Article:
Ignorance? Well I would think so. Isn't science all about trying to find answers to what you don't know? Scientists must be full of ignorance to keep them interested in trying to discover answers. All good!


 But are we promoting ignorance over the search for knowledge?
Powwow

No, well maybe eh? Well I don't know exactly. If it wasn't for good old ignorance we would never find an answer. I raise a glass to ignorance, long may it survive.
Leonard James

Science is the only way forward. Theorise, test, predict, modify/reject.

All else is guesswork.
trentvoyager

I don't know whether I am understanding correctly - but I think Lexi's point is that we actually celebrate ignorance whilst berating those who make significant advances in all fields of endeavour.

I'm not sure if this isn't a peculiarly British thing (or do I mean English) - but the achievement of some z-list celebrity brings much more into the lives of a significant segment of our community than does the achievements of scientists, artists, novelists, engineers, etc.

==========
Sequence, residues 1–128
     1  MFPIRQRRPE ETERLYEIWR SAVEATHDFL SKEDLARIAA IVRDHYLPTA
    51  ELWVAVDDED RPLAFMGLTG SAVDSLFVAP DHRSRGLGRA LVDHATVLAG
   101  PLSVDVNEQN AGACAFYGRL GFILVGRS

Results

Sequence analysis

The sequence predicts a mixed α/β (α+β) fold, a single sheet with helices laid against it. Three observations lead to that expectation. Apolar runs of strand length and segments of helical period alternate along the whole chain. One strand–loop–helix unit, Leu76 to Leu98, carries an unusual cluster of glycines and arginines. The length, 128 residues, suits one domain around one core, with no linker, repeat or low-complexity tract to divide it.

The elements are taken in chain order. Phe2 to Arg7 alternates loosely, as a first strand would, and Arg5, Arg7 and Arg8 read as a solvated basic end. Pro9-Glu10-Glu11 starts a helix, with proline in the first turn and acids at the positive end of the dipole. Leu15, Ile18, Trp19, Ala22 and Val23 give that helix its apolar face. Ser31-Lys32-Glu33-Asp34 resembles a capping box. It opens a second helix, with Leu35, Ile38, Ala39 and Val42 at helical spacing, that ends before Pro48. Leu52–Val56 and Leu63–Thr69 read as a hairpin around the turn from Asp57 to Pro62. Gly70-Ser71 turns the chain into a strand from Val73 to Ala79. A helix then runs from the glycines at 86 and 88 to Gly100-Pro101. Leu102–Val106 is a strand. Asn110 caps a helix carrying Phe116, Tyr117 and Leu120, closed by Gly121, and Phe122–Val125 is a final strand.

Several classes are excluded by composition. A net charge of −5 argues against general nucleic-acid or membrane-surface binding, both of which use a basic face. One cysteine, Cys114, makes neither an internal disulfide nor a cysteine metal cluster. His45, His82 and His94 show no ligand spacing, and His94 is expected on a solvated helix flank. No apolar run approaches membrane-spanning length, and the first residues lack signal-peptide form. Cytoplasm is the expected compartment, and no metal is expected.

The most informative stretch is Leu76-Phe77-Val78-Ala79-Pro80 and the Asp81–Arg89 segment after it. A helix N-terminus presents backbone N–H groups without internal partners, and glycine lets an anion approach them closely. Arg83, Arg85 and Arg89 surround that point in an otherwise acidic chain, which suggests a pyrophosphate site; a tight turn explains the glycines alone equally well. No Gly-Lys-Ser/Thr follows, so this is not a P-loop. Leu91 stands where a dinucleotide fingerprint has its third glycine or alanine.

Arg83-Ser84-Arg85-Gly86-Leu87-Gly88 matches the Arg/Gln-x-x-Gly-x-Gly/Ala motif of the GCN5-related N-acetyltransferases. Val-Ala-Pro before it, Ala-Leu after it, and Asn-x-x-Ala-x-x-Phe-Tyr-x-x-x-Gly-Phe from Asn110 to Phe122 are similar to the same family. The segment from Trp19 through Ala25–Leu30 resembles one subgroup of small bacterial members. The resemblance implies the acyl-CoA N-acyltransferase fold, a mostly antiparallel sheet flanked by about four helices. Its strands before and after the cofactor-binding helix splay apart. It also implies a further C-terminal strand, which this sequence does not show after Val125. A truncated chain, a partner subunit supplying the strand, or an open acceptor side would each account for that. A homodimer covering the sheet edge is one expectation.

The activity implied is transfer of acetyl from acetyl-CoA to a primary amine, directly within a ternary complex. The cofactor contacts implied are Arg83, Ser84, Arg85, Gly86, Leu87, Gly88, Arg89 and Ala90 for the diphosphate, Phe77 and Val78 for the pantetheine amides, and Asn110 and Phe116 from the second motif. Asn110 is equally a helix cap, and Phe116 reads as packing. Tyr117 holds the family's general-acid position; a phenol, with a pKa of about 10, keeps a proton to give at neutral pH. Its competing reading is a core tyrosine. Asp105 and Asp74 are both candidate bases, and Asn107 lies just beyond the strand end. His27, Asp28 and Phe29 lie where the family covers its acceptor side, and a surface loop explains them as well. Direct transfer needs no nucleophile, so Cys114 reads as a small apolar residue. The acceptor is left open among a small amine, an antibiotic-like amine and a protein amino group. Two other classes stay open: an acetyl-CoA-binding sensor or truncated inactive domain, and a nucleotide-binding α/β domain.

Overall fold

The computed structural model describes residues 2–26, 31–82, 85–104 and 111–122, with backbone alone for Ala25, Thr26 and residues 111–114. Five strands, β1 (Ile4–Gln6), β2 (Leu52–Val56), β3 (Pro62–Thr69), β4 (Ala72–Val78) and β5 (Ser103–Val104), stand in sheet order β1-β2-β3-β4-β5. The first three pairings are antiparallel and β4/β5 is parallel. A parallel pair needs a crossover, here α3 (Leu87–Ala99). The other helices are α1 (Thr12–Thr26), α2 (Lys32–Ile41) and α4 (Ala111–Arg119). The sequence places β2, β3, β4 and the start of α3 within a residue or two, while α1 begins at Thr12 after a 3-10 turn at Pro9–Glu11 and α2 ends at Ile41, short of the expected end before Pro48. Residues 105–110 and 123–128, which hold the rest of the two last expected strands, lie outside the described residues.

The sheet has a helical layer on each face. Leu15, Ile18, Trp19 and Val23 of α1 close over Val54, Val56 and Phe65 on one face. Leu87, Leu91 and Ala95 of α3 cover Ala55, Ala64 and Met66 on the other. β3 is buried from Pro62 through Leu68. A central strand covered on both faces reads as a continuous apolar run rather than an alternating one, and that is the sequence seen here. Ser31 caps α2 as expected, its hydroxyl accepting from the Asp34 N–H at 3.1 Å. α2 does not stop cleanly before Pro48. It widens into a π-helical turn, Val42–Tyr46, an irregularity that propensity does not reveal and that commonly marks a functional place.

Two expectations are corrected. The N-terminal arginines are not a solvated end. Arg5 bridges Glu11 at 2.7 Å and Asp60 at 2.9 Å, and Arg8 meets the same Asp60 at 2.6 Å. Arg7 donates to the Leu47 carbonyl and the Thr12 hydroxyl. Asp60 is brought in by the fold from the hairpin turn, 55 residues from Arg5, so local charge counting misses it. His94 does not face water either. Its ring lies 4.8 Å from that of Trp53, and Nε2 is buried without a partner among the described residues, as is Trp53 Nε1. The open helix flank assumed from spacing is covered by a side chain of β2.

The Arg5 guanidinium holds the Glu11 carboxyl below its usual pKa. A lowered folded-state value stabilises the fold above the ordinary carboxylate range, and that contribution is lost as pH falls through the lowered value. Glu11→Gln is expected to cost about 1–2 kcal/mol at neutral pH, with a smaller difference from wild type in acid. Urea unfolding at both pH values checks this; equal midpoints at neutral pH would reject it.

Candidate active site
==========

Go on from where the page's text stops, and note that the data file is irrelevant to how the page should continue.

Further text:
How often have I heard the putdown, and damning with faint praise, that runs along the lines of:

"Well, they are very clever at what they do - but they've got no common sense"

That seems to me to be an all pervasive attitude - and one that in the long term can have nothing but negative effects on our society.
Honey 56

trentvoyager wrote:
I don't know whether I am understanding correctly - but I think Lexi's point is that we actually celebrate ignorance whilst berating those who make significant advances in all fields of endeavour.

I'm not sure if this isn't a peculiarly British thing (or do I mean English) - but the achievement of some z-list celebrity brings much more into the lives of a significant segment of our community than does the achievements of scientists, artists, novelists, engineers, etc.

How often have I heard the putdown, and damning with faint praise, that runs along the lines of:

**"Well, they are very clever at what they do - but they've got no common sense"

That seems to me to be an all pervasive attitude - and one that in the long term can have nothing but negative effects on our society.


**Guilty as charged!!!

Although occasionally I have to admit intellect doesn't always rule out common sense.